Ultimately more detrimental to the dramatic flow were the cuts in dialogue. There is no need to be a purist about that: very few productions use Schikaneder complete, and not only for reasons of sex and gender. But the precise nature of the cuts sometimes made motivation and even straightforward action unclear. Many will have known what to fill in, but many in such an audience also will not. No one need be bored in a largely German-speaking audience by a little more pertinent spoken content.
The other major problem was Giulio Cilona’s conducting. We all, of course, have different conceptions of the work and how it should ‘go’. Not everyone responds as I do to Klemperer, Böhm, or Furtwängler; nor do I expect everyone to do so. In any case, the question is largely irrelevant since none of them is with us, and no one conducts Mozart quite like any of them anymore. (Having heard Colin Davis several times in this and other Mozart operas, I have surely had my share of good fortune for a while, perhaps even for a lifetime.) Disconnection between pit and stage can happen to anyone, though preferably less frequently than here, even on what was probably minimal rehearsal. But the lack of sense that anything might matter, taking too much at an all-purpose allegro and indifferent mezzo piano, ‘Ach, ich fühl’s’ a merciful exception, led to a desultory orchestral performance all round. I initially assumed the string section must have been very small. However, though I could not see the rest of the section, I could see four double basses, so it could not have been that small. The angel of death appeared to be on strike for what should be the terrifying scene with the Two Armoured Men. An old production needs all the more to be brought to life by comprehending, sympathetic conducting. Such was not the case here.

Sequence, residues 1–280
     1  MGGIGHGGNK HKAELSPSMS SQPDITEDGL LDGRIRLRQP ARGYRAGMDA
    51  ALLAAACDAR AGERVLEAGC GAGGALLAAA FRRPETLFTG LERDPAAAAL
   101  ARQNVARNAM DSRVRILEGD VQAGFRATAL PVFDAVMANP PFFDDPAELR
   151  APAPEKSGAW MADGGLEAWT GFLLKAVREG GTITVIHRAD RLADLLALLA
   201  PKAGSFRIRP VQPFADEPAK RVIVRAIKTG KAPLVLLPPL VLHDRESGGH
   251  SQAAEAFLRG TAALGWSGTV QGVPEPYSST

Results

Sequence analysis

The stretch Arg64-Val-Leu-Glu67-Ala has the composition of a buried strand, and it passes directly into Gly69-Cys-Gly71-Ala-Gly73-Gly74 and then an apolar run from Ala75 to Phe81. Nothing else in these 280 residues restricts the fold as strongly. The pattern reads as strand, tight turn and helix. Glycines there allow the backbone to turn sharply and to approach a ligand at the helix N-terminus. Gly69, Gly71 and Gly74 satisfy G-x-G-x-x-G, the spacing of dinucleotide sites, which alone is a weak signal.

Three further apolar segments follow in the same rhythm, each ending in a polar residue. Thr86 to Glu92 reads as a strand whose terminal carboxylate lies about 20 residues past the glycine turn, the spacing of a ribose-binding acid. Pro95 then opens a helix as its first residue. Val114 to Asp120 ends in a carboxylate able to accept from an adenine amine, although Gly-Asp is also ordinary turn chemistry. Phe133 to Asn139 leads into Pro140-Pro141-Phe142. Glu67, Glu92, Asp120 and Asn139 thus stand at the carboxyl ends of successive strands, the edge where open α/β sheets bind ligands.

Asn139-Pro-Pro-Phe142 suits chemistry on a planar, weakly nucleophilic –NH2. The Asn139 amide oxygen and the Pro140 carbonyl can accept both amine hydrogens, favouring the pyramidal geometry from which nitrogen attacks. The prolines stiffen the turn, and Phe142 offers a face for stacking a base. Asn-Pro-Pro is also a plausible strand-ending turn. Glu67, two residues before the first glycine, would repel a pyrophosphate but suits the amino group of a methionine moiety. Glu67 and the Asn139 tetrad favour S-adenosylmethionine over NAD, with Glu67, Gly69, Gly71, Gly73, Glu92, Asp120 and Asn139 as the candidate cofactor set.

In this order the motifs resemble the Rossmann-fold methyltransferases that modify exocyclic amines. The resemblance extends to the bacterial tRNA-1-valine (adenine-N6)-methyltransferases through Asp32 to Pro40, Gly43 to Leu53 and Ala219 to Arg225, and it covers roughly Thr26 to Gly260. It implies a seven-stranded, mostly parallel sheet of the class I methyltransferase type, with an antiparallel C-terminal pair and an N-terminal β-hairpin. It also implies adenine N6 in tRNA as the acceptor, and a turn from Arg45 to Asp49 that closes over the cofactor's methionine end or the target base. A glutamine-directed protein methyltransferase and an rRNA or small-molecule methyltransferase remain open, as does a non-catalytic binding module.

There was, fortunately, nothing to disappoint in the vocal performances — again bearing in mind the realities of an ultimate repertoire piece in a repertoire house. Kieran Carrel’s Tamino was well sung, personable, very much in recognisable character. Likewise our Papageno, Philipp Jekal’s performance bringing together with skill lightly worn a number of different theatrical and emotional worlds. Tobias Kehrer’s Sarastro made the most of his low notes in particular, alert to deeper meaning without sacrificing essential or at least apparent ‘simplicity’. Hye-Young Moon’s Queen of the Night implored and sought vengeance with impressive accuracy and sparkle. Burkhard Ulrich’s Monostatos was properly sung, no mere caricature: particularly important given the character’s problematical portrayal. Performances from the Three Ladies and Three Boys all deserve favourable mention. For me, though, the stand-out vocal performance was Elena Tsallagova’s as Pamina: clean of line, happy of musical and dramatic blend, and with true emotional depth that saw no need to draw attention to itself. Though I cannot help but feel it might be time to draw the final curtain on Krämer’s production, a few more performances such as Tsallagova’s might help delay the inevitable.